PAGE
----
Although arguably not as common as it once was, spanking a child as a punitive measure still occurs more often than you might think, and evidence is mounting that it’s not a wise thing to do. Some academics remain skeptical when it comes to connecting spanking with future behavioral problems, but the general consensus is to err on the side of caution and not do it.
Adding fuel to the fire is a fresh study published in the Journal of Pediatrics. Led by a team of behavioral experts at the University of Texas Medical Branch (UTMB) at Galveston, it concludes that childhood corporal punishment correlates with increased incidences of violence in future, young adult relationships.
“Even after controlling for several demographic variables and childhood physical abuse, [our study] adds to the growing literature demonstrating deleterious outcomes associated with corporal punishment,” the team explain.
The study focused on the lives of young adults, both male and female, aged 20. They were originally recruited for a longitudinal (long-term) study when they were still in the 9th or 10th grade in various Texas high schools – meaning they were originally 14 to 16 years of age.
The participants were queried throughout their years with respect to both corporal punishment and physical abuse, as well as times they experienced or perpetrated violence in their relationships.
Out of a modest population of 758 young adults, 19 percent reported that they were themselves physically violent in their relationships. Conversely, 68 percent reported that they were the victims of corporal punishment as children.
A painstaking analysis of the two found a strong positive correlation between them. Yes, correlation isn’t causation, but the team controlled for sex, age, ethnicity, parental education, and physical abuse.
This paper doesn’t stand in isolation; there are several other robust studies that come to much the same conclusion. One particularly notable example, a 2006 study looking at young adults across 19 different countries, found a strong link between childhood corporal punishment and violence in university-age relationships.
“We know that experiencing adverse child events (ACEs) is linked to a host of short- and long-term mental and physical health problems, and spanking should be considered an ACE,” lead author Professor Jeff Temple, the director of Behavioral Health and Research at UTMB, tells IFLScience.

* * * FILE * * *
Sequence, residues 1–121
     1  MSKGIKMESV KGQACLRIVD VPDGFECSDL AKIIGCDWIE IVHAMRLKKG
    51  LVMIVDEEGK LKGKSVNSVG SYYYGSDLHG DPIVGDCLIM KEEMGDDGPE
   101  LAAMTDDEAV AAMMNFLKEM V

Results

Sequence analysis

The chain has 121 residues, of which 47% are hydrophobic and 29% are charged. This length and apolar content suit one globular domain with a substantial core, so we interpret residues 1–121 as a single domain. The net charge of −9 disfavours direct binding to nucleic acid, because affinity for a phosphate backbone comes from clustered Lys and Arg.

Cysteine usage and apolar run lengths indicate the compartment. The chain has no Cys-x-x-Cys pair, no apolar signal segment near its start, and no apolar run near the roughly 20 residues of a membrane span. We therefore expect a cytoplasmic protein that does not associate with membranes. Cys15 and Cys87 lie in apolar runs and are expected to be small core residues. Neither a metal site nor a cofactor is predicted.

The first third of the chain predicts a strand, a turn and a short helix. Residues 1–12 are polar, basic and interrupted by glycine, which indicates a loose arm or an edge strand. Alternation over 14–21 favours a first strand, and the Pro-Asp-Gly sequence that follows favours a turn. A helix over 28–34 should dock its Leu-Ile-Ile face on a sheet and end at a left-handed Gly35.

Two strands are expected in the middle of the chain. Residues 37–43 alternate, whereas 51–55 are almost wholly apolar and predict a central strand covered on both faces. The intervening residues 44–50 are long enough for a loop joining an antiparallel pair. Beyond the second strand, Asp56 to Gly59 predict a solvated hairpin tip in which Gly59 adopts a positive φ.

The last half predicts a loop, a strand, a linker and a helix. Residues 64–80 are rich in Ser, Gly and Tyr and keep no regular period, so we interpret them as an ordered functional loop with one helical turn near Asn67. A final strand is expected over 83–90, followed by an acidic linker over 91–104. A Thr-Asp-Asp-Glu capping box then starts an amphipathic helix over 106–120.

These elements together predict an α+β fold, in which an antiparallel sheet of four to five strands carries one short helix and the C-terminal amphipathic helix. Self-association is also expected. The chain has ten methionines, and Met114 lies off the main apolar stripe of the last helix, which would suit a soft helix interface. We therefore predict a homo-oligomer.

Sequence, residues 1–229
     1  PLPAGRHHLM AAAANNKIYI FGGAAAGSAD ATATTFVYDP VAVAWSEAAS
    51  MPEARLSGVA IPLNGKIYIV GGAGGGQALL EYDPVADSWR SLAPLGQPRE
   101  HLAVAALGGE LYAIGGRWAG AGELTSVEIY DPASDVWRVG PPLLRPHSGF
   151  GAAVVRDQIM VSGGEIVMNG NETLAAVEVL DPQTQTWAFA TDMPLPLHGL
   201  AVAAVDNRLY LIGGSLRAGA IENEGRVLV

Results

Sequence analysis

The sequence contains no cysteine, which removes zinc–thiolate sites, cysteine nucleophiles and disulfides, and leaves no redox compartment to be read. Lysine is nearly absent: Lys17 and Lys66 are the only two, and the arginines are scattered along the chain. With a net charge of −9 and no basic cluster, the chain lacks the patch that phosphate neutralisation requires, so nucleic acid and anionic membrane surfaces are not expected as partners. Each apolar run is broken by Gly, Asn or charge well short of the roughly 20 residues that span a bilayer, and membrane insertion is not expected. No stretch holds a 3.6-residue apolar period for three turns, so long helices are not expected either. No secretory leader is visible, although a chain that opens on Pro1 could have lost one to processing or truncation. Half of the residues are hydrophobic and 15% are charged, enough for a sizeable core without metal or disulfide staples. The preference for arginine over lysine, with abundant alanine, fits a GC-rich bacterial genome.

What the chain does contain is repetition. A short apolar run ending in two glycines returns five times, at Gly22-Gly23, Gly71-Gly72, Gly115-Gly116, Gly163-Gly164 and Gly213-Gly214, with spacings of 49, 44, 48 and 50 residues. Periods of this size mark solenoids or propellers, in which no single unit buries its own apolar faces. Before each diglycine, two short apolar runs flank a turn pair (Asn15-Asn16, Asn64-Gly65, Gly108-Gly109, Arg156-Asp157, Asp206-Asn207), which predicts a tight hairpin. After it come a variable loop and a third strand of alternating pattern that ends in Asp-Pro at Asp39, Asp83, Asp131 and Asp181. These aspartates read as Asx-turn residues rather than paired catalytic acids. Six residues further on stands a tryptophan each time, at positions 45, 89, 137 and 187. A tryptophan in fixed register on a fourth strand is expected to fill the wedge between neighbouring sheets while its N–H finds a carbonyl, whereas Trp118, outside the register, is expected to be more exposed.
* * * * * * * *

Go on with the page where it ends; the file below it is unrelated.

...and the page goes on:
“This study is just one piece of evidence – but it adds to the growing body of literature that spanking is harmful and should be discontinued,” he adds.
“Parents, legislators, and educators should be provided with this information so that we can make more informed decisions.”
This work follows on from a recent meta-analysis focusing on childhood spanking, one that caused something of a furore back in 2016. The team behind that research evaluated 75 pre-existing studies and found that for the majority of cases, spanking was linked to 13 out of 17 negative behavioral and psychological problems.
As pointed out by Scientific American, the study was lauded for focusing on just spanking, not other forms of corporal punishment. Some worry that by taking all forms into account, it exaggerates the dangers of spanking.
Although definitive cause and effect associations were considered to still be elusive by some researchers, Temple says the expansive study makes a “strong case for the detrimental effects of spanking,” despite the criticisms of the paper remaining fair.
All in all, “there is mounting evidence that corporal punishment has a negative impact on health and does not work,” he notes.
Undoubtedly, more research will be conducted on this difficult subject. This new paper is certain to reignite a sometimes acrimonious debate, but it’s probable that, as time goes on, spanking will be seen as something increasingly archaic and erroneous.